Several times this season, we have had record-breaking blizzards. And, nearly every time, my efforts to deal with them have been thwarted due to failures of the brand new snow-throwing equipment I’ve purchased. Fortunately, my neighbor has come to our aid several times and, thanks to his tractor, our driveway remains clear and we can get to and from our house. Continue reading “Linux Saves its Neighboring Windows – Twice This Week”
MV(1) User Commands MV(1)
mv – move (rename) files Continue reading “Man Page Minute – mv”
CP(1) User Commands CP(1)
cp – copy files and directories Continue reading “Man Page Minute – cp”
Continuing where I left off reviewing this book, chapter 3 covers planning for retirement, and the five biggest mistakes people make with their 401(k) plans. Since I own a small company, we currently have no 401(k), but we do offer a SIMPLE IRA for our officers, and most of these points hold true for me as well. They are:
- Buying the employer’s stock
- Investing in stable-value funds
- Accepting the default offerings in their company’s 401(k)
- Cashing out their 401(k)s when switching employers
- Not paying attention to where the money is going (which seems to me to be the same as point #3)
He then covers a few practical tips to make the most out of your 401(k), such as automatically contributing to it each month, instead of waiting ’til year end. I’m guilty of not doing this, but luckily cash flow isn’t an issue right now, so I can still contribute. Cramer also advises that you contribute the maximum amount to your 401(k) that your employer will match. After that, you want a separate, self-managed IRA, which gives you more flexibility than your employer’s plan.
So far, I’m liking the advice I’m getting from the book. Check back in thirty years to see how it worked out.
Two of my staff and I spent the entire day at a client’s, in an attempt to upgrade the system (of approximately 150 PCs) from an ancient Norton Antivirus Corporate Edition 7.6 to Symantec Endpoint Protection 11. Why? Because sometime in the last few weeks, it stopped getting anti-virus definition updates. Continue reading “Symantec Endpoint Protection: Right Up There With Norton Internet Security”
XenIf you haven’t heard of Citrix, well… look them up. Last week, I hit their web site to download a new client, and… WTH?!?! Where’d the stuff go! I was shocked to find that they renamed Presentation Manager (formerly known as Metaframe XP, formerly known as “Citrix,” formerly known as “that thing you run on Windows NT to make it like pcANYWHERE for multiple users) to “XenApp.” Continue reading “Citrix's Flagship Product Now Known as XenApp”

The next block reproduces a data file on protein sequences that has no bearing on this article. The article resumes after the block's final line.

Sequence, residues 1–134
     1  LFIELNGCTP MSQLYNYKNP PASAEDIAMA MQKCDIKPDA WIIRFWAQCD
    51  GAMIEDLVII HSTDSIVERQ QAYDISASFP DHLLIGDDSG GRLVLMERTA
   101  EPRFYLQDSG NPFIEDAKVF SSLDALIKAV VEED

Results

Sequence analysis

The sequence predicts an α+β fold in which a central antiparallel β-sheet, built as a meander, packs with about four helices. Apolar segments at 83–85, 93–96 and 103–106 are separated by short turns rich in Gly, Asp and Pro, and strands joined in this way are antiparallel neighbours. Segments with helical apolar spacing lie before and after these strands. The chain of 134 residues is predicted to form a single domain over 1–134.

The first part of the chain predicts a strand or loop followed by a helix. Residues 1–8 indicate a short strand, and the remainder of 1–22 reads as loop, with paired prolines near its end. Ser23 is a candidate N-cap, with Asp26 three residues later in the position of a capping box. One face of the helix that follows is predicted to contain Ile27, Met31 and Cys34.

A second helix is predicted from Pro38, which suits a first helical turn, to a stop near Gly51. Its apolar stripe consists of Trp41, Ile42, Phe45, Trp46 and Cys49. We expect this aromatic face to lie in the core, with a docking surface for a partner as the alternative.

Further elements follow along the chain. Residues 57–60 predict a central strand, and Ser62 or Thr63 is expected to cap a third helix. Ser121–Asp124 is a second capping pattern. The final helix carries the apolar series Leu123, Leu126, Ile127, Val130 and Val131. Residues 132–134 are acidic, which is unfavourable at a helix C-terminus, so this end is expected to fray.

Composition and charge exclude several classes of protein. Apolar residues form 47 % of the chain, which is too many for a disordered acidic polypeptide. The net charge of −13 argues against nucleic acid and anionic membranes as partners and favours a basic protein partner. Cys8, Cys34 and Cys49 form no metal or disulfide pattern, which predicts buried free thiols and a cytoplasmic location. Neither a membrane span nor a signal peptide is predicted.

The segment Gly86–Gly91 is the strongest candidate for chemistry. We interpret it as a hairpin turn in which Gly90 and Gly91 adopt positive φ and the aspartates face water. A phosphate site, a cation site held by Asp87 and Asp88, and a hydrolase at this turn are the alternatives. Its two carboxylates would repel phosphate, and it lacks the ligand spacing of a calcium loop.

Uhm, guys? You’re not really getting it, are you? As of today, I still have only 53 followers, and Harlem now has 64! Follow me! Not him, me!
Okay, tell you what. I’ll make Harlem’s posts filter into my Twitter feed via TwitterFeed, that way, all of you people who are following him can unfollow him, follow me, and get everything you need. See how easy that is?
If I don’t take the lead this week, the personal attacks are going to start. You know, stuff like “I hear Harlem still uses Windows…” Don’t make me go there. You’ve been warned.
Last week I decided to challenge the host of the Fresh Ubuntu Podcast to a race to see who could get 50 followers on Twitter first.
Of course, I was too late. I looked and saw he had 52 to my paltry following of 48. So, I did what any trailing contender would do – change the rules! So I said “let’s race to 100!”
Today we’re at 53:59. The math is simple: Harlem’s pulling ahead. Obviously I’ll have to come up with some sort of campaign promises or something to claim the lead. Linux on every desktop! A penguin in every pot! No laptop left behind! Universal backup coverage!
Follow me on Twitter!
This morning, after reinstalling WordPress because I was getting some odd behavior after the latest upgrade, I hit my blog and was greeted with the image you see at right. I have to wonder if this is a coincidence, or if Google’s indexing the content Twitter badge, where I’ve been bemoaning my poor health these last few days, led to them recommending some nasal sprays. Even though it makes perfect sense when you think about it, I find it a little creepy when Google “knows” I’m sick and is recommending solutions.
I love popcorn. I mean I love popcorn. Popcorn is to me as spinach is to Popeye, you get me? Air-popped with butter is the best, but kettle-popped is good too. I don’t really care for movie theater popcorn or microwave, but it’ll do in a pinch. But I digress – on to the main event!More…
As I said, air-popped ‘corn is the best, but the thing I don’t like about it is, no matter how big a bowl I use, some kernels always end up flying out on the counter, on the floor, into the sink, etc. What’s worse, having to dig up that episode of Mythbusters to see if the “3-second rule” really works, or if it’s worth trying to grab that one that went into the sink, which invariably ends up soggy… eww… soggy popcorn… But I digress, again!
Solution! Get a medium-sized paper bag, and hold it under the mouth of the popper while the corn is being ejected. The bag will catch all of the kernels, and even if some of them pop while in the bag, they have a much harder time escaping than they would from a bowl.
Safety note: I would not use a small bag, or totally suffocate the popper. I don’t know how hot these things can get, or if they could hit 451?F, but why take the chance? Also, don’t use a plastic bag. Even if the air doesn’t melt it, an unpopped kernel or two surely could.
UPDATE: If you cut a flap in one of the sides of the bag, you can stand it up straight under the spout, instead of having to hold the bag in place.
So… do you think Gawker is hiring? I think I could be an occasional Lifehacker correspondent.